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Keeping It S.I.M.P.L.E (part I)

George Harrison Boiled It Down Right!

S is for Structure

George Harrison wrote his songs by himself. He didn't have a John or Paul to lean on that much. Towards the end of The Beatles, he actually quit the band and spent some time at Eric Clapton's house, where he wrote a song: Here Comes The Sun.

My opinion is he had to be better than both of those guys to be productive. It took him a long time until The Beatles nearly broke up, where he created 4 songs on Abby Road. All the more remarkable. George surrounded himself with incredible talent, and over time became "Something".

I don't want to cloud the issue with sordid details of George's life or how he was treated. Instead, let's focus on what George, the artist, could do. He had it right, and he left some DNA on how an average person could write a strong song. Not that George was average. He was not. He did more at the age of 28 than most of us do in a lifetime.

Still, he was held back. He said as much. Even still, in that suffering, some of the best Beatles songs ever written came out.

George Harrison

Like George, I got a slow start. In my teenage years, I wasn't surrounded by extremely talented people. And to make matters worse, I lived very far away from a large city where the music was actually going down, Philadelphia. Things were so spread out, I attended a regional high school. Getting to take drum lessons was a hike. I thank my parents for helping me with drums, but it was difficult putting anything together. And little did I know, I needed to drive miles to get my drums anywhere. And I didn't get a license until I was 18. By then, I was headed to the Army.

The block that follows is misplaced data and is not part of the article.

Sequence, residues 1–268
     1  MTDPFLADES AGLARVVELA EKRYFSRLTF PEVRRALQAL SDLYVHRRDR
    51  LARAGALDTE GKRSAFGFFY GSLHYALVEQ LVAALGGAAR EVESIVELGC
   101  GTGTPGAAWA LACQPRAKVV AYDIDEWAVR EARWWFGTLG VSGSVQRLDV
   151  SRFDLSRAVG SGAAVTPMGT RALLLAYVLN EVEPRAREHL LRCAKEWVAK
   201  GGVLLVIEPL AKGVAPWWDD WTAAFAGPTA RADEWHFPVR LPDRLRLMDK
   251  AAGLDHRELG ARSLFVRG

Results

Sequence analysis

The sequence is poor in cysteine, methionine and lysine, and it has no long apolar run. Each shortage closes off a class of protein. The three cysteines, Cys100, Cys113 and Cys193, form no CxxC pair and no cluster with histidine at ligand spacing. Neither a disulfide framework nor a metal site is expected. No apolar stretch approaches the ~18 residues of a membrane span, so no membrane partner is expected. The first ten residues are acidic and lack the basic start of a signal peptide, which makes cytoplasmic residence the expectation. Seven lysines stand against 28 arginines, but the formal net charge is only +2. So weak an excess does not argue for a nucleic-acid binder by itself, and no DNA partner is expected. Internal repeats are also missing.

Before I started writing songs, I read a lot of books and paid a lot of money learning the ins and outs. Some advice was better than others. Putting all that stuff into practice, of course, was an art in itself. It still is. Especially, since I had no one to work with, and didn't have a lot of time to write. Plus, plunking things down on a guitar with no real lessons made me pretty much learn the instrument with no one around. Still, I figured things out by reading those books and eventually, playing gigs.

So, managing to squeak out a 4th place victory in music theory at Eastern Oklahoma University against a bunch of college kids who actually had class proved to me one thing: education isn't everything. I was still a junior in high school. And the only difference was even without practicing my drums every day, I applied my lessons. And I wanted to know more. I kept reading. I kept learning.

Focusing on what good songwriting was then, should be the same. No matter how educated you are, you still need practice.

You should hear some of the things I did when I first started. I was really horrible. Check out this little ditty from my last album. But with more applied knowledge, things started to "Come Together." Beatles pun. Sorry. Here's a link to the finished product.

So, I when developed a method called "S.I.M.P.L.E.", I found boiling it all down into a few steps gave me structure. A song's structure gives your music story a temporal point of view. Do you want to tell a story that moves through time, like "The Cat's In The Cradle", or do you want to look at the past, like "Maybe Its Time" in a Star Is Born?

S is for structure.

Recapitulaing: we play two games at once. They are:

  1. lay down a solid sonic foundation

  2. arranging the foundation builds a temporal point of view